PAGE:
Today was actually sort of a long day. There aren't many of those at my job, two or three a month. Most days I can't believe how fast the time has flown, and I'm feeling good about all of it. Today I didn't eat lunch until 3:30, and only a bit when I did. Sometimes I revert back to my oldest ways of not being able to organize my thoughts and my projects, and everything takes longer than it should.
It has been a proud accomplishment in my life to have moved almost completely away from my original scatterbrained nature, which I came by honestly, thanks to Dad and Grandma Jansen. It was a conscious decision, an internal effort, to stop being the girl who got an F in Math in fourth grade because she lost her homework every day. Even as recently as college, I got behind on my bills not because I didn't have the money, but because I forgot to mail the payments. I just never really had my stuff together. I had a whole room in our house on the highway that was filled with junk and projects I couldn't manage to make sense of.
At some point during this process of transformation, I also became a control freak. And I'm sensitive about it, enough to the point of making fun of myself but getting my feelings hurt if you make fun for me. I learned that I was good at organizing, particularly events (and spatial dimensions like refrigerators, but that's not my point). I get flustered when I'm in the midst of upheaval, I want to place order to it and take the reins. And, in truth and ego, things mostly turn out better when I do. Things turn out fair and even, or logical and calm. I will ruin a perfectly good chaos by applying systems and sense. Thanks to Mom for this, although she's been comfortably submerged in many a shared maelstrom in these most recent years.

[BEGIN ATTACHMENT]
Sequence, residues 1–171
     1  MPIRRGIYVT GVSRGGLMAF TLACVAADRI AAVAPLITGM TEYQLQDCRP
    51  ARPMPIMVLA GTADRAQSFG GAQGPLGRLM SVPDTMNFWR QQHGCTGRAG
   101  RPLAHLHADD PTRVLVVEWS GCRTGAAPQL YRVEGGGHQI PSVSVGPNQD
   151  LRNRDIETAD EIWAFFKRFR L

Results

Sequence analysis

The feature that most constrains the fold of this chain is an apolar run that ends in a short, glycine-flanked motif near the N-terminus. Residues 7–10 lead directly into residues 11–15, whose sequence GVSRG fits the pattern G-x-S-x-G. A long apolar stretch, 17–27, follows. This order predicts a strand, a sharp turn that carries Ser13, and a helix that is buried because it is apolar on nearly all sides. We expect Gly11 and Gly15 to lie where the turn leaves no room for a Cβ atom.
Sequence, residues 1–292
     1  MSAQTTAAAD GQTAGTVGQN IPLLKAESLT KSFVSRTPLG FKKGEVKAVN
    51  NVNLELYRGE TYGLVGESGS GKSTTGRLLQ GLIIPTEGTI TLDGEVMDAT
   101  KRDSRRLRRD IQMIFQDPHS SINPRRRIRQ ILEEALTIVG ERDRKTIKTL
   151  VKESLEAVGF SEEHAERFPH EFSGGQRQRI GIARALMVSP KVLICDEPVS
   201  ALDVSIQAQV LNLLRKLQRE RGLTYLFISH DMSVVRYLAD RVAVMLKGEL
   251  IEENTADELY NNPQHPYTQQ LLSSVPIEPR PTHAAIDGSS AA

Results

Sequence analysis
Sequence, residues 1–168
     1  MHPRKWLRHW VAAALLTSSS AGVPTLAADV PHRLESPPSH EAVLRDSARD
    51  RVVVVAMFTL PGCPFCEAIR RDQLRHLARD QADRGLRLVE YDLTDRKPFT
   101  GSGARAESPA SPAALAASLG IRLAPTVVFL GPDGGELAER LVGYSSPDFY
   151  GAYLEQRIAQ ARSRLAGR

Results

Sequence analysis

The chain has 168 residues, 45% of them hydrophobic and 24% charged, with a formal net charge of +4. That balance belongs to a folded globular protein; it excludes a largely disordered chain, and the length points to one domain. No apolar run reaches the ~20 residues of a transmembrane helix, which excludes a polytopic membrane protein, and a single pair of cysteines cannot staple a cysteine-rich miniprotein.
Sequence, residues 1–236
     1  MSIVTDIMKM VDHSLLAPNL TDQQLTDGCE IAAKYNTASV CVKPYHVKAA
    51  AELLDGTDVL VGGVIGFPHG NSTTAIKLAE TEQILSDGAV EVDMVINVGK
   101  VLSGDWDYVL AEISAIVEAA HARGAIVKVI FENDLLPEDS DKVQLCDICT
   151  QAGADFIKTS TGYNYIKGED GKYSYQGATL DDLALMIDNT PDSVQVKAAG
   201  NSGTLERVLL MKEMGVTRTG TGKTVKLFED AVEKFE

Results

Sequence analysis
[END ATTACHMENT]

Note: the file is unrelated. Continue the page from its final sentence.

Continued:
Here's my example that I'm thinking of: cooking at home. This is, of course, a topic that I will happily entertain for hours of every day. I've been a mental and manual collector of recipes almost as long as I remember. I love putting together a menu and making a plan. But I can remember many nights, in my early twenties, of wandering around the grocery store after work, collecting my thoughts and ingredients, and eventually cobbling together a very disorganized meal that wouldn't be ready to eat until 10 pm. And somehow I'd drop $60 on every one of those grocery trips, three or four nights a week, and be mystified by how I was spending so much when I wasn't eating out.
Now I make a meal schedule for the whole week in advance. I spend a few hours on Saturday on the floor of the kitchen with my dozens of cookbooks, making assignments of menus to go along with our weekly social plans. I try to know ahead of time which nights we're eating at home and which nights we're going out, hitting the ballgame, going to a show, or hosting friends. I make a master list of all the ingredients needed for the whole week, and then go through the cupboards and fridge and cross things off the list as I confirm that we already have them. I can't even tell you how much food and money this particular step has saved. How often did I grab a bottle of soy sauce because I couldn't remember for sure if I had any, and then came home to find I already had three half-used bottles? Wasteful.